A Portland man pleaded guilty today for perpetrating a scheme to steal funds intended to help small businesses during the COVID-19 pandemic.
Eric Wade Lysne, 35, pleaded guilty to bank and wire fraud.
According to court documents, in April 2020, Lysne devised and perpetrated a scheme to defraud the Small Business Administration (SBA) and various financial institutions by fraudulently applying for and obtaining Economic Injury Disaster Loans (EIDL) and Paycheck Protection Program (PPP) loans using false borrower information. Lysne created fictitious entities, including Paradigm Consulting Groups (Paradigm), on whose behalf he applied for and received the loans.
In May 2020, Lysne applied for an EIDL, falsely claiming Paradigm employed 10 individuals in the agriculture sector and grossed nearly $1 million for the twelve-month period ending in January 2020. Lysne also falsely claimed that he, as the applicant, had not been convicted of any felonies in the last five years when, in fact, he had been in prison for nearly a year following a May 2019 felony conviction in Washington County, Oregon, and was then on post-prison supervision.
In early June 2020, SBA disbursed a $147,400 EIDL to Paradigm through Lysne’s personal bank account. The deposit was followed by an additional $10,000 advance paid several weeks later. After receiving the funds, Lysne spent them on various personal expenses, including travel bookings and numerous cash withdrawals.
In April 2021, Lysne applied for an increase in his EIDL balance, seeking to borrow an additional $302,600. The application was pending when Lysne was indicted in May 2021. Around the same time, Lysne also applied for a $50,000 PPP loan on Paradigm’s behalf from a bank in Logan, Utah. In the application, Lysne again falsely claimed he had not been convicted of any recent felonies. He further falsely represented that Paradigm employed two individuals and had an average monthly payroll of $20,000. Based on Lysne’s fraudulent misrepresentations, the bank approved the loan application in part and disbursed a $27,700 loan to Lysne.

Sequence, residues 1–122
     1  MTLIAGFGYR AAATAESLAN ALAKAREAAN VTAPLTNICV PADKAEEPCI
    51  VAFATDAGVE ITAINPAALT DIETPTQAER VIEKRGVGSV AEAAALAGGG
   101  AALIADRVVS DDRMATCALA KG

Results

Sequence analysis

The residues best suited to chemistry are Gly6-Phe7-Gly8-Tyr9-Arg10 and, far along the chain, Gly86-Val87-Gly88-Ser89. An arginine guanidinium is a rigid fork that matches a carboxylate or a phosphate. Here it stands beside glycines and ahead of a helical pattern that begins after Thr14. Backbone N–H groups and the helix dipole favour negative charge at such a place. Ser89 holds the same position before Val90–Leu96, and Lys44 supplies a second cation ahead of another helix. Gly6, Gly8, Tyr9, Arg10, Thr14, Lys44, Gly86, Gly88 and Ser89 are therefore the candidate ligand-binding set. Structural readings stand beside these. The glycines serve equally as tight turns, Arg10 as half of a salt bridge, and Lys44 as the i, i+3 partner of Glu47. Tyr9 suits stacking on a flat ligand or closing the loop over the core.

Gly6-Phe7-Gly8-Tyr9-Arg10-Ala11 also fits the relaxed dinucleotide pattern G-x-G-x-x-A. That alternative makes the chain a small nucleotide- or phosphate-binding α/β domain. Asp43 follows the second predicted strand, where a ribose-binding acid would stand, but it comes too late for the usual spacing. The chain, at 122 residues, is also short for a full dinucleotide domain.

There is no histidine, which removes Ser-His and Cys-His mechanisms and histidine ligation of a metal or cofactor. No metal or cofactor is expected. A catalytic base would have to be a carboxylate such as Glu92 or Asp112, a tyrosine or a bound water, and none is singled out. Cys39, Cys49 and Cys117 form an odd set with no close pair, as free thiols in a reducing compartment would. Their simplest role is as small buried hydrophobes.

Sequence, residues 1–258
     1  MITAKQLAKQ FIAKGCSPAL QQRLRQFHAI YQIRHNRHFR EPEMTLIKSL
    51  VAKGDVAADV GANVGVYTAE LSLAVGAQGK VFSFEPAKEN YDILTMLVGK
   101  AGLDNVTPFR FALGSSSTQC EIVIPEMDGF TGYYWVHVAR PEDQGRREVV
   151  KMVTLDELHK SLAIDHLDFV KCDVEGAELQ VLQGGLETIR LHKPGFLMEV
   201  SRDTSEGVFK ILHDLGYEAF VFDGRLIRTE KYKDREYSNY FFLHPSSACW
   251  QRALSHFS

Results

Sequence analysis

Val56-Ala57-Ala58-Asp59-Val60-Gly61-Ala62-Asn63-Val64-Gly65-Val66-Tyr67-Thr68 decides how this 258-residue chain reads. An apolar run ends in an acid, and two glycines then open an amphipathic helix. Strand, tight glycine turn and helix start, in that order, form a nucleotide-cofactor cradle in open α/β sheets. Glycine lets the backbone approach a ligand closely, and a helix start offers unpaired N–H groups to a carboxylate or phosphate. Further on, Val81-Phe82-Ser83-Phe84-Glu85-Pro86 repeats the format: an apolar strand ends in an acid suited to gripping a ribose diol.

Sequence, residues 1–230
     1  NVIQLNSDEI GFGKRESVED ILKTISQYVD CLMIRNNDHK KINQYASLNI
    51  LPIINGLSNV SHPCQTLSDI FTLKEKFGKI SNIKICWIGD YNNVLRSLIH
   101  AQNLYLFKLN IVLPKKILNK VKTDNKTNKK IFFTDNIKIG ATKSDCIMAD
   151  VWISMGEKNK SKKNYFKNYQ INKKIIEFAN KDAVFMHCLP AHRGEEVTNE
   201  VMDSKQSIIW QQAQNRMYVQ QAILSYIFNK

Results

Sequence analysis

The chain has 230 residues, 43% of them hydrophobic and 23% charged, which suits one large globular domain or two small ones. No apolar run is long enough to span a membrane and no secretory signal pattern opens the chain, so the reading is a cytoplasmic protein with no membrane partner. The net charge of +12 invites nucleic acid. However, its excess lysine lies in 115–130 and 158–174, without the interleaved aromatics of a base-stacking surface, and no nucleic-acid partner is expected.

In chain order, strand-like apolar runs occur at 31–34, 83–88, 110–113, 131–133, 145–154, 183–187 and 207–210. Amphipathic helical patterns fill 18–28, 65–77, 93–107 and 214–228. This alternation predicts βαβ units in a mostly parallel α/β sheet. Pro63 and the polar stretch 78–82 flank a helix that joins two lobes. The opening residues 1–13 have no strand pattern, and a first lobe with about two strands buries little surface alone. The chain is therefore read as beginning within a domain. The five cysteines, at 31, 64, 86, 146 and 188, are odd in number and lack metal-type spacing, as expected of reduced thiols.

On May 19, 2021, a federal grand jury in Portland returned a two-count indictment charging Lysne with bank fraud and wire fraud.
Wire fraud is punishable by up to 20 years in prison, a fine of $250,000 or twice a defendant’s gross gains or the victim’s losses, and three years’ supervised release. Bank fraud is punishable by up to 30 years in prison, a $1 million fine, and five year’s supervised release.
Lysne will be sentenced on February 1, 2022 before U.S. District Court Judge Michael H. Simon.
As part of his plea agreement, Lysne has agreed to pay $360,467 in restitution to SBA and forfeit $185,100 seized by law enforcement.
This case was investigated by the U.S. Treasury Inspector General for Tax Administration (TIGTA), the SBA Office of Inspector General, and the FBI. Assistant U.S. Attorney Ryan W. Bounds is prosecuting the case.
The Coronavirus Aid, Relief, and Economic Security (CARES) Act is a federal law enacted on March 29, 2020, designed to provide emergency financial assistance to the millions of Americans who are suffering the economic effects caused by the COVID-19 pandemic. One source of relief provided by the CARES Act was the authorization of up to $349 billion in forgivable PPP loans to small businesses for job retention and other expenses. In April 2020, Congress authorized over $300 billion in additional PPP funding.
Anyone with information about allegations of attempted fraud involving COVID-19 can report it by calling the Justice Department’s National Center for Disaster Fraud (NCDF) Hotline at 866-720-5721 or via the NCDF Web Complaint Form at: https://www.justice.gov/disaster-fraud/ncdf-disaster-complaint-form.